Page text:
Nepal is currently in Covid-19 lockdown and thus in an exceptional situation. Protective clothing is scarce, and medical personnel in particular are dependent on support from NGOs. Together with our partner organisation Akasha Academy NGO, the first step was to provide urgently needed Personal Protective Equipment (PPE) to two health posts in Suntakhan. In Nepal, Health Posts are the local contact points for first aid for health problems, especially in rural areas. For the medical staff there, our support is currently the only possibility to get urgently needed protection material during the pandemic. Other Health Posts in the region have asked for support, and the Nepal Medical Students' Society (NMSS) is also asking for help in providing protective clothing for doctors and medical staff in hospitals in and around Kathmandu.
Due to the high demand, the materials are not only difficult to obtain, but their price has also risen significantly. There are also reports of corruption in the procurement of PPE in the health sector and general supply shortages. The supply of protective clothing by the government is therefore progressing only slowly, priority is given to hospitals while rural health facilities complain about the lack of state support so far. The situation in Nepal is extremely serious. As a country with a fragile healthcare system without the necessary infrastructure to cope with increasing cases of Covid-19, the protection of medical staff is particularly important.
We ask you for your support! Every Euro goes directly without deduction into the procurement and transport of protective clothing.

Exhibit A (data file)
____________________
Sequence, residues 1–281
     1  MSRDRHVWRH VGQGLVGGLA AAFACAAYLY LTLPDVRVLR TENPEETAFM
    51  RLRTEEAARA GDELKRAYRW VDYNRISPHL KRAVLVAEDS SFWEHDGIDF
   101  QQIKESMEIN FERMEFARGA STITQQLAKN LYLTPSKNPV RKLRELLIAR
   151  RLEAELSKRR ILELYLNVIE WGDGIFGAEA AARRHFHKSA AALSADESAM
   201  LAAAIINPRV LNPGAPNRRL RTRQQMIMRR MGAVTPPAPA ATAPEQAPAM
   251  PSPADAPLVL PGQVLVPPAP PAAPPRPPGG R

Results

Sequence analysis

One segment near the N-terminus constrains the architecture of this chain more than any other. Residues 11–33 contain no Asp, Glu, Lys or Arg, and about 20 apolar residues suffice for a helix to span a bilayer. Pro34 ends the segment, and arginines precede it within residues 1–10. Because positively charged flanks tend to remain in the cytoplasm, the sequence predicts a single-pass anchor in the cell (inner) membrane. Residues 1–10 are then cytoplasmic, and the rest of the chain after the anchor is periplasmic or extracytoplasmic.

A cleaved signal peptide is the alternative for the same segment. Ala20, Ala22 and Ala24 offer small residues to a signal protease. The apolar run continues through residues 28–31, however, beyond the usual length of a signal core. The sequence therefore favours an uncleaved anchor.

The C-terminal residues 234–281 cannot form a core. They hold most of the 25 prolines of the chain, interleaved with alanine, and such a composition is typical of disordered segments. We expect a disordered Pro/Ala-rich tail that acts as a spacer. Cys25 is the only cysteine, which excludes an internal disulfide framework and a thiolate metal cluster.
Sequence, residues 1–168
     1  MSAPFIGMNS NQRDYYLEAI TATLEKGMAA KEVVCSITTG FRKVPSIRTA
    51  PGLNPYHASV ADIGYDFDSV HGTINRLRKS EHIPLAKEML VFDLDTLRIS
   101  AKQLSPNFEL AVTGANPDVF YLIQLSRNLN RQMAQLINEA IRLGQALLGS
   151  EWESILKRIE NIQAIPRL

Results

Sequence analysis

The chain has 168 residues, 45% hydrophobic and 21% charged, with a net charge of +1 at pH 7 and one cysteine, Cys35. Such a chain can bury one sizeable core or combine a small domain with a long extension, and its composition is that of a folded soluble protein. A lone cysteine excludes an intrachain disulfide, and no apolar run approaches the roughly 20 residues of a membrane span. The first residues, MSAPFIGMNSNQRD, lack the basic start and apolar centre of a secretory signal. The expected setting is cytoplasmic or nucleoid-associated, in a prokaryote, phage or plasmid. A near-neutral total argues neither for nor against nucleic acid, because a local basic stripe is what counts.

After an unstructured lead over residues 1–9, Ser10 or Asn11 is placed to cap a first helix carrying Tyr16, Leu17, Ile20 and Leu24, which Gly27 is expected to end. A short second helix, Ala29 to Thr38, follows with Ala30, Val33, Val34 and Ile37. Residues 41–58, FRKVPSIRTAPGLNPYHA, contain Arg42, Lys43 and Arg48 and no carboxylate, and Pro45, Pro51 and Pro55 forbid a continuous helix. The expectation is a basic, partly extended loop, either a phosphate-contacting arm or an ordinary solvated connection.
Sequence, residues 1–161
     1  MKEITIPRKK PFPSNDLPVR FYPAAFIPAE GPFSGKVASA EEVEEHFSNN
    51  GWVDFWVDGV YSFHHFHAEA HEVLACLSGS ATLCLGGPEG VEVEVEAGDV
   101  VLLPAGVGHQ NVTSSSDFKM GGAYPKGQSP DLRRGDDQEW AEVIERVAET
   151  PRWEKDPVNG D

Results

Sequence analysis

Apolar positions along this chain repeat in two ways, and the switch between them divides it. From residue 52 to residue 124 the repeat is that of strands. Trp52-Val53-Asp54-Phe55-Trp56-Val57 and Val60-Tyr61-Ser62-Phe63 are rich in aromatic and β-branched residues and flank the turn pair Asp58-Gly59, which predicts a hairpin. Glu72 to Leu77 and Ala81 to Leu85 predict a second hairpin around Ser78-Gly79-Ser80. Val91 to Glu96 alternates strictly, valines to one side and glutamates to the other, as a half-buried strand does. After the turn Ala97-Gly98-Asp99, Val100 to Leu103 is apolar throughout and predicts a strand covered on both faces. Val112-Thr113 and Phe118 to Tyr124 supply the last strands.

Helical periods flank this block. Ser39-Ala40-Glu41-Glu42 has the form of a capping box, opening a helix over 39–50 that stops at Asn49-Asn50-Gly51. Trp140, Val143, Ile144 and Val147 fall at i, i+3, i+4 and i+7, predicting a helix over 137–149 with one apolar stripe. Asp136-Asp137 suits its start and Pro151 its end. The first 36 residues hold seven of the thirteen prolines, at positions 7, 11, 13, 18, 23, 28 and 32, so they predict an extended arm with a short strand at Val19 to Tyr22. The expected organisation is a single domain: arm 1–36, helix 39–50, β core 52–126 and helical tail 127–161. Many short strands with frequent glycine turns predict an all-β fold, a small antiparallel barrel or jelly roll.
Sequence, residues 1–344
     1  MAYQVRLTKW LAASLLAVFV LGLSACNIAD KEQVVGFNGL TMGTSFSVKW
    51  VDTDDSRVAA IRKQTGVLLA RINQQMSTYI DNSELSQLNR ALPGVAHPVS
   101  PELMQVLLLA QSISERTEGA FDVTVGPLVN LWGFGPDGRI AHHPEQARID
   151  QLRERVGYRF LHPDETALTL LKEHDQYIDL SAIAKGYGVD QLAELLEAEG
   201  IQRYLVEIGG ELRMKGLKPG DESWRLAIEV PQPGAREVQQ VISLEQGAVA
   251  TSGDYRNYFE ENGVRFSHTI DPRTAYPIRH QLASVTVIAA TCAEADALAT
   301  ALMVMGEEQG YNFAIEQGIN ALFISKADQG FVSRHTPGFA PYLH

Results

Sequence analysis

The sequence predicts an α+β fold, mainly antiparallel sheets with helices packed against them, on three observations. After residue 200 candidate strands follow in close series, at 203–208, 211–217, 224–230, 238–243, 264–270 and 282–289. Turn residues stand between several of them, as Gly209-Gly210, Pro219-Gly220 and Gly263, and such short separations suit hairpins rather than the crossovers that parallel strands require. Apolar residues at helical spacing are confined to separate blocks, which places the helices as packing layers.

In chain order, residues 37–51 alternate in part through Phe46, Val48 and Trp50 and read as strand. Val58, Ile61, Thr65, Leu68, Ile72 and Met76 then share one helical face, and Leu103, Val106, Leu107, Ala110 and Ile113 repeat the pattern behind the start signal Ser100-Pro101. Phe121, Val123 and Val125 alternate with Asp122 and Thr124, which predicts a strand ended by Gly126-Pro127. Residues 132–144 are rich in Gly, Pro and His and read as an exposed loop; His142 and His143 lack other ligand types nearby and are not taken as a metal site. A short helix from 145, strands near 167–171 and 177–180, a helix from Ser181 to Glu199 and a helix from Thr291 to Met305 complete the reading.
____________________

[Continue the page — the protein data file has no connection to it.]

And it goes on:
Situation in Nepal:
On March 22nd 2020, the Nepalese government decided on a complete "lockdown" of the country, which will last at least until April 27th. So far there are 30 confirmed Covid-19 cases in Nepal (as of April 17th 2020). The low number of cases can be explained among other things by the low amount of tests being carried out. In addition to a low testing capacity, it has been reported that hospital staff often sent patients with symptoms away for fear of becoming infected due to a lack of suitable protective clothing. After a shipment of protective equipment and 10,000 test kits arrived from China at the end of March, it can be assumed that an increased testing will also result in a higher number of people tested positive. Until the beginning of April there was only one hospital in the whole country where COVID-19 tests were being carried out. In the meantime, other hospitals have been equipped with the necessary resources for testing. Overall, there are very few hospitals in Nepal with intensive care beds and sufficient nursing staff.
Long Yang e.V.